The space probe that landed on a comet, once thought to be dead, is now alive.

To scientists’ relief and delight, the Philae spacecraft that landed on a comet last fall has woken up and communicated with Earth after seven long months of silence, the European Space Agency announced Sunday.

Philae became the first spacecraft to settle on a comet when it touched down on icy 67P/Churyumov-Gerasimenko in November. But the solar-powered probe came down with a bounce and ended up in the shadow of a cliff instead of in direct sunlight.

There is a back story on that. The lander is programmed in Forth. It has 10 Forth chips (RTX2010) running its equipment.

The Philae spacecraft that landed on Comet 67P/Churyumov–Gerasimenko (67P) had an experiment on board that was driven by a FORTH language processor, the Intersil HS-RTX2010RH.

And that brings me to a little story. I’m working on a Polywell Fusion Reactor and we are using Forth as our control language.

The Line Frequency Meter you see displayed here was developed by the Proton Boron Team (PB Team), and is part of the beginning of the Proton Boron Fusion experiments. It uses one of the control processors developed for those experiments to read the Line Frequency, and feeds that data to the meter.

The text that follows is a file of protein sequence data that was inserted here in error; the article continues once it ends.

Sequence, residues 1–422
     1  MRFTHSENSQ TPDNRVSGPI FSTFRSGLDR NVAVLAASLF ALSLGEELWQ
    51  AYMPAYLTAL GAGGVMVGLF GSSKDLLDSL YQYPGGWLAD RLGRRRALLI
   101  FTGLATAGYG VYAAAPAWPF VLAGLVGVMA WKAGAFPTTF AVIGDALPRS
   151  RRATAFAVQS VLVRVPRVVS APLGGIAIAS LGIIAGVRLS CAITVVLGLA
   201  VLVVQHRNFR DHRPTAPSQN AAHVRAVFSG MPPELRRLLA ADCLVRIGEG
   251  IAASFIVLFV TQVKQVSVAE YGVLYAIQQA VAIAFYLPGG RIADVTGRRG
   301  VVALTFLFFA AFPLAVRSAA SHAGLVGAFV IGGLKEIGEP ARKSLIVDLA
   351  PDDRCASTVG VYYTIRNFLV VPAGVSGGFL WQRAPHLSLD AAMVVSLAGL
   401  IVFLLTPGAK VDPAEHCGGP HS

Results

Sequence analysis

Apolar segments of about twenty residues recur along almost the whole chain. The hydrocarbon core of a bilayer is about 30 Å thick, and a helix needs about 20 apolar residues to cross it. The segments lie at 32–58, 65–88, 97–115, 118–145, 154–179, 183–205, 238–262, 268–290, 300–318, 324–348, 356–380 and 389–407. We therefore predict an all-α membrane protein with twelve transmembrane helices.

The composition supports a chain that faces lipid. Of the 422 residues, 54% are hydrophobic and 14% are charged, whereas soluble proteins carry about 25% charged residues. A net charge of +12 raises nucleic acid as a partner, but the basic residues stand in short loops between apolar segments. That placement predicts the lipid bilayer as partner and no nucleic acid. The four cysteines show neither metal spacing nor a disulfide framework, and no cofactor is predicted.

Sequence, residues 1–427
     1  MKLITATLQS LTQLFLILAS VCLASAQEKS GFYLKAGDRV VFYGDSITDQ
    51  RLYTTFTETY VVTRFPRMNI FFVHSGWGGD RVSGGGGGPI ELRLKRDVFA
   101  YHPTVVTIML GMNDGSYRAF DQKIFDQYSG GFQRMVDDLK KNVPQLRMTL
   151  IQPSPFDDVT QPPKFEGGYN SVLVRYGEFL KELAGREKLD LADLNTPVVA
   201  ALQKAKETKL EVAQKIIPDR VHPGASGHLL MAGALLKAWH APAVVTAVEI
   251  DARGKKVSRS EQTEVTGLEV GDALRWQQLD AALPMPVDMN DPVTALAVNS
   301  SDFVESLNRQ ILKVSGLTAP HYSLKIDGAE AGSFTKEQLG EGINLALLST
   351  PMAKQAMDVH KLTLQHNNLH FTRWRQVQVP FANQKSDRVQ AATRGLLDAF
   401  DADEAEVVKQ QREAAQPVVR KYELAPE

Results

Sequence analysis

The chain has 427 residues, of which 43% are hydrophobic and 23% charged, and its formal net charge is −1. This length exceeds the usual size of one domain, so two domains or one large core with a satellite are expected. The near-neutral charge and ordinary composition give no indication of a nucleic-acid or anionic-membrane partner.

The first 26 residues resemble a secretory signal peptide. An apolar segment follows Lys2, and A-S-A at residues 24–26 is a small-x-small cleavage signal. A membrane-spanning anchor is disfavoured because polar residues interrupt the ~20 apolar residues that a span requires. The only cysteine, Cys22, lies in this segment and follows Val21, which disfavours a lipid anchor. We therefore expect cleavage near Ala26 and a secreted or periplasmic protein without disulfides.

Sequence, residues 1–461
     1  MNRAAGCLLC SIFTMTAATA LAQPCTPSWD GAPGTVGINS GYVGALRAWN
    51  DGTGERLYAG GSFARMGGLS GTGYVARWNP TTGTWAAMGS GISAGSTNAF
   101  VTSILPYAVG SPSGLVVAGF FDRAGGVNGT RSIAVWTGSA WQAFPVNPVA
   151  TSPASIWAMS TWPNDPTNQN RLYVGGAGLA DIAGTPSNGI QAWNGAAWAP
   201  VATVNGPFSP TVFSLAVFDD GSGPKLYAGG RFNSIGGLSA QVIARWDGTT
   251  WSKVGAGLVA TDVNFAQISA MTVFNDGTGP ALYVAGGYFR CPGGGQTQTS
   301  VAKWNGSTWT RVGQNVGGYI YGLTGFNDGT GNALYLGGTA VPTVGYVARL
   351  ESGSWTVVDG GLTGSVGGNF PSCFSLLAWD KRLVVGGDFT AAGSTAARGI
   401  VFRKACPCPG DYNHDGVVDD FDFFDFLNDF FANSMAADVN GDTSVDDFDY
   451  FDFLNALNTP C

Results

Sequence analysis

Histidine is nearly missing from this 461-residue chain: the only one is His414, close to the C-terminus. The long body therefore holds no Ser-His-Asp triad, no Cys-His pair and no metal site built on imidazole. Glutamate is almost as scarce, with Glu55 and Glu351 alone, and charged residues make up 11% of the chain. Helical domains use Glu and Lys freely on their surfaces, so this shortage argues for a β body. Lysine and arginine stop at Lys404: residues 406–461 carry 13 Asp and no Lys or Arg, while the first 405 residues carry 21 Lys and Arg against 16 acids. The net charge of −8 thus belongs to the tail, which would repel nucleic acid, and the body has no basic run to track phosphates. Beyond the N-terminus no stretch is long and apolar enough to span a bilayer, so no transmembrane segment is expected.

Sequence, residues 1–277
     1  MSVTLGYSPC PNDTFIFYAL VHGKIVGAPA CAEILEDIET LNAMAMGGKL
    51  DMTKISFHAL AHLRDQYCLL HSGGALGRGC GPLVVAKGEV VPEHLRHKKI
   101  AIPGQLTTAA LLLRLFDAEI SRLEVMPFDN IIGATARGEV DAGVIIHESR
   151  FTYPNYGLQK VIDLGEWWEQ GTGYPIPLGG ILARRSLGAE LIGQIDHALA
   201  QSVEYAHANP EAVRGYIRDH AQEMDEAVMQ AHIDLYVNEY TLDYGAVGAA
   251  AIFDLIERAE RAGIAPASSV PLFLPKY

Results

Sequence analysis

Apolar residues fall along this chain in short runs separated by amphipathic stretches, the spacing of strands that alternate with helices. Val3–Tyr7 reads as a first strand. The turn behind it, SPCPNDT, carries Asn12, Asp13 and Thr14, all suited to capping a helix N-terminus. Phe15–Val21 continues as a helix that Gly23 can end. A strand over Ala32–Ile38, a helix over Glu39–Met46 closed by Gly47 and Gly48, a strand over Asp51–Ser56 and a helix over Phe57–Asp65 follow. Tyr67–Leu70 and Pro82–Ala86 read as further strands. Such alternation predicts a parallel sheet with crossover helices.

Our project lead electrical engineer, M.Simon, has worked with Clyde W. Phillips Jr. (Head of IT), often using the forth language in programming industrial controls during their nearly 40 years of association. Simon notes that way back in 2006/2007 when he began studying Polywell Fusion, he planned to use the Forth language to control the experiments and the power plant (once the power plant was developed). Simon and Clyde find that the way they write Forth makes it by far the easiest programming language to read — which greatly improves productivity, testability, quality, and reliability. M. Simon – our CTO – insists on using Forth because in his experience it greatly reduces software development time. A significant benefit to a project of this magnitude.

To keep the project running donate !

And if you can’t donate – tell your friends. Heck. tell your friends even if you donate.

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There is another back story to all this. MPE Compilers were used to develop the code that ran on Philae. When I originally started designing Proton-Boron hardware I contacted MPE for support. And they were kind enough to supply a version of their compiler to use on our hardware. But Clyde and I decided that we wanted to roll our own and have the compiler resident on the chip instead of a PC. That has been accomplished. None the less we wish to thank Stephen Pelc and the gang at MPE for their support.